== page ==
SOME OF THE best relationships are forged at college. Your new buddies may become those with whom you enjoy the most thrilling experiences. You will laugh together, party together, argue together and may be even sleep together.

On the other hand, there will be people with whom you will wish you had never said "hi" to on your first day of term. They will trail after you like lost puppies for weeks. The more you try to shake them off, the more hurt they will be and the worse you will feel.

College life, particularly campus life, can seem a bit like being let loose in a sweet shop only to find you only like one or two chocolate bars. You'll be surrounded by hundreds of people who could all, potentially, share your sense of humour. But it could take a lot of searching before you find them.

To save a lot of time and potential unhappiness, seek out friends on your course and in the clubs that you join as at least you will have something in common. You don't have to be exactly alike - differences can make friendships more rewarding - but it helps if you have a natural empathy and understanding.

This does not preclude being matey with your next-door neighbours in your halls of residence, but be aware that circumstance has pushed you all together and that, apart from a shared dislike for the headbanger in room 19, you wouldn't otherwise be friends.

You will probably end up with two or three really close friends whom you feel you can trust and depend upon, and a wider circle of about 20 people with whom you feel comfortable.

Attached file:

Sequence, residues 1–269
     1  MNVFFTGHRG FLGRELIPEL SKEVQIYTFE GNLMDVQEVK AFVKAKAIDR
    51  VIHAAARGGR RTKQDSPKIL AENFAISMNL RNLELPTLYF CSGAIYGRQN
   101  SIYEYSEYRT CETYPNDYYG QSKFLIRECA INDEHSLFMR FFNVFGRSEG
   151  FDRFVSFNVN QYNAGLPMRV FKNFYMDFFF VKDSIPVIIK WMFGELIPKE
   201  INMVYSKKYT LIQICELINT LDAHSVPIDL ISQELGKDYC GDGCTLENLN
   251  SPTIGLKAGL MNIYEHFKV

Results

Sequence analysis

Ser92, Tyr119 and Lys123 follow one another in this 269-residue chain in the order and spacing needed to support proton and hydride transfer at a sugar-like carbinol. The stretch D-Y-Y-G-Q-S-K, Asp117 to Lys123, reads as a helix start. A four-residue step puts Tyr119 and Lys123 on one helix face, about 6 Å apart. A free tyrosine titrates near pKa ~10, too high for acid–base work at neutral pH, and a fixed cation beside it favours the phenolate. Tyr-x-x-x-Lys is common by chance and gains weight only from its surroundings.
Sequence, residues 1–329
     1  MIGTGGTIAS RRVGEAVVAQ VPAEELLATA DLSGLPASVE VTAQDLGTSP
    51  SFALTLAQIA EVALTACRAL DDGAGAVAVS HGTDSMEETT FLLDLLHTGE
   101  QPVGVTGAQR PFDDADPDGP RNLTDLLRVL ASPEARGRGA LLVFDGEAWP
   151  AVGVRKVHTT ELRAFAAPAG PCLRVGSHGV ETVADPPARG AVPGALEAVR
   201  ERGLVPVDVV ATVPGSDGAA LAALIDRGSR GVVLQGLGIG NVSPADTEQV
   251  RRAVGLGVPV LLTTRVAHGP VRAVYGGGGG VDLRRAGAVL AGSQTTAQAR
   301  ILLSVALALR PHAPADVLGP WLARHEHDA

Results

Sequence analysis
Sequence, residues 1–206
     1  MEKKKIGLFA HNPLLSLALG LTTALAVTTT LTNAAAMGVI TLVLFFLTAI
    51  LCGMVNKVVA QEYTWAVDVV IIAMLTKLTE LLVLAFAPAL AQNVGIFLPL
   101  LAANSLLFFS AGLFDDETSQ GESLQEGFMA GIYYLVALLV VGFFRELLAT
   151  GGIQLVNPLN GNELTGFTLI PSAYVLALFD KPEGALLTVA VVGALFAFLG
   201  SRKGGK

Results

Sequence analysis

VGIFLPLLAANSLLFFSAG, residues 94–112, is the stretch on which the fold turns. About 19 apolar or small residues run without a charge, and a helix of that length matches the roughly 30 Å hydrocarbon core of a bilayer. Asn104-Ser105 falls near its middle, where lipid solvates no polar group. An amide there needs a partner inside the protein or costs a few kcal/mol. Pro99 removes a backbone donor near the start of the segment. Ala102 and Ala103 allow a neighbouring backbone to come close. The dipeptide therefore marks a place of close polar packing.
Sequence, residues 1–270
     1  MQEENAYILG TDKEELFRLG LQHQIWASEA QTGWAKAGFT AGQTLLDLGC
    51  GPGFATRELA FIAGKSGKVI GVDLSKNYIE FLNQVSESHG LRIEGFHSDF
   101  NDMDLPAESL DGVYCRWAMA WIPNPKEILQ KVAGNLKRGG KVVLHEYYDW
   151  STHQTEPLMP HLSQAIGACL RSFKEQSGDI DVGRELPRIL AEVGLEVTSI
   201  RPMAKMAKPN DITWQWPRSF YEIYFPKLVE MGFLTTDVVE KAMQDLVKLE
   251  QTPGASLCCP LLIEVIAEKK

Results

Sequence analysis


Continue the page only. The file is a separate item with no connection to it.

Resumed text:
When it comes to striking up relationships with those to whom you are physically attracted, be careful before declaring your undying love. Those early weeks at college can be blissful and heady and you may find it difficult to control your emotions. But, unless you really have found your soul partner, it's unlikely that your first few relationships will become long term. You may find yourself falling in love for the first time, only to be followed a few weeks later by having your fragile heart broken. It happens and you will recover, even though it feels totally devastating at the time.

On the subject of lovers, this may also coincide with your first sexual experience. Be sensible. If you have to have sex (and there is no reason why you should just to prove that you are "grown up") practise safer sex. Ensure that one of you uses a condom. And if you are worried about pregnancy talk to your university or college health centre.

The staff there will have considerable experience in dealing with this kind of issue. Be aware of the risks of becomining pregnant and of sexually transmitted diseases, such as Aids. There is lots of advice available about contraceptives. The college health centre is the place to visit for condoms and the Pill.

The "NatWest Student Book '99" published by Trotman & Co Ltd (pounds 10.99) contains a lot of useful information about the topics covered in this week's supplement.